Updated news on the Gambino, Genovese, Bonanno, Lucchese and Colombo Organized Crime Families of New York City.

Wednesday, December 7, 2011

30 criminals found work in NJ after being barred from the trash business in NY

After getting mixed up with the mob in New York City more than a decade ago, Frank Fiumefreddo pleaded guilty to corruption and was put on probation for helping run a garbage-hauling business tied to the Gambino crime family.
New York State banned Fiumefreddo from the industry, so he came to New Jersey and kept on trucking.
In a report made public Tuesday, the State Commission of Investigation said Fiumefreddo was one of 30 criminals who found work in New Jersey after being permanently barred from the trash business in New York.
The unsavory and often cozy relationship between the mob and the waste-management industry is a classic New Jersey tale, immortalized by "The Sopranos." And though Fiumefreddo denied his ties to organized crime in a response included in the report, the commission said the problem is real.
The report said rules intended to keep mobsters out of the garbage industry are riddled with loopholes, and that criminals have circumvented background checks and taken advantage of state agencies lacking manpower and money.
Those barred in New York cross the Hudson and operate behind the guise of legitimate companies, make money through real estate or equipment leased to waste companies, or have a stake in firms owned by relatives, the report said.
"Of particular concern is the vulnerability to corruption of certain activities, such as the recycling and disposal of contaminated soil and demolition debris," the report said, both of which pose serious risks to the environment and public health.
The commission also found that criminals were increasingly entering the recycling industry, a lucrative target with few regulations that has "no systemic oversight," according to the report.
The Attorney General’s office, which oversees the industry with the Department of Environmental Protection, said it was not aware of "systematic instances" in which organized crime had a foothold, a spokesman, Leland Moore, said. Regulations established over the years have blocked more than 60 companies and people from the industry since 2005, according to the report.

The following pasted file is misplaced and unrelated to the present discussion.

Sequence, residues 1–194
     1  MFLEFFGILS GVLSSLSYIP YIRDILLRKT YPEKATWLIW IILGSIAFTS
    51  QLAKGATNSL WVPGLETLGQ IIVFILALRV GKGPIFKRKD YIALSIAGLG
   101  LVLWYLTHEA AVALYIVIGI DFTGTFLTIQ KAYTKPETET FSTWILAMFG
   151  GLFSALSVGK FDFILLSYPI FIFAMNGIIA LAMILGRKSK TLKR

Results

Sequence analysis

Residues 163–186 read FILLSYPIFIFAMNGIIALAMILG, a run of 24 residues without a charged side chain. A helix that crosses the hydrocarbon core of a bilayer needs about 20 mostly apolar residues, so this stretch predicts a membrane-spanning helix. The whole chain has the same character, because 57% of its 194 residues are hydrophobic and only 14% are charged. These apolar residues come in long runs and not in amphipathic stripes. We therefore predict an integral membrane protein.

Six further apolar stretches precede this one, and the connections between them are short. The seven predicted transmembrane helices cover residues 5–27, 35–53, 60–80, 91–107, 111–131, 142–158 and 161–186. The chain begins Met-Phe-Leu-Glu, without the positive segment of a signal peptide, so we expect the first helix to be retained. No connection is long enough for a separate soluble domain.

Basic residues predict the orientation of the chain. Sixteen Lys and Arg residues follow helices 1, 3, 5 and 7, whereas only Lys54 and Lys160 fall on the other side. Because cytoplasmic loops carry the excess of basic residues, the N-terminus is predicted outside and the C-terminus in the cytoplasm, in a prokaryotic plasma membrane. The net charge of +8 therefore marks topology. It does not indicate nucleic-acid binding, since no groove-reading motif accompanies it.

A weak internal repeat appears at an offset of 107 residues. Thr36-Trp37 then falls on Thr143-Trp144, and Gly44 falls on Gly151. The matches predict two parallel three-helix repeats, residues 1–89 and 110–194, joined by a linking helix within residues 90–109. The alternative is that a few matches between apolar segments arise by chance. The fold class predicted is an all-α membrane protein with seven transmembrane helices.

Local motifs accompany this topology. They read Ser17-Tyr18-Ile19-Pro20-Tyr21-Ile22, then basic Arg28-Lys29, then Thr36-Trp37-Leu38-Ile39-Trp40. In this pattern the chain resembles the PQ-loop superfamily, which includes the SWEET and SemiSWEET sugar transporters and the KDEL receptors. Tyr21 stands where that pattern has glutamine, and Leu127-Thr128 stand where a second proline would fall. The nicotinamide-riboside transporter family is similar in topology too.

Michael Drewniak, a spokesman for Gov. Chris Christie, noted that steps had already been taken to investigate and, where appropriate, to remove criminals from the state’s solid waste industry based on the commission’s findings.
He said the governor was confident the administration could "effectively manage available resources to properly regulate the solid waste and recycling industries."
In 1969, the commission found that organized crime in New York was spreading into commercial garbage collection in New Jersey, and warned that the industry was at risk of becoming subject to corruption.
In response, the Legislature passed a law requiring the state to regulate the industry for the first time. The commission also recommended vetting and licensing all solid waste haulers, which took effect in 1986.
But those efforts have largely failed, the commission found, and said new action is required.
The commission recommended that the Legislature and the governor expand the use of background checks for employees in the garbage industry, and require them of employees in the recycling industry.
It also suggested that more money go toward enforcement to reduce backlogs for screening applicants, and that oversight be consolidated under the Attorney General’s Office. In addition, the commission recommended compiling a centralized list of criminals barred from doing business in New Jersey.



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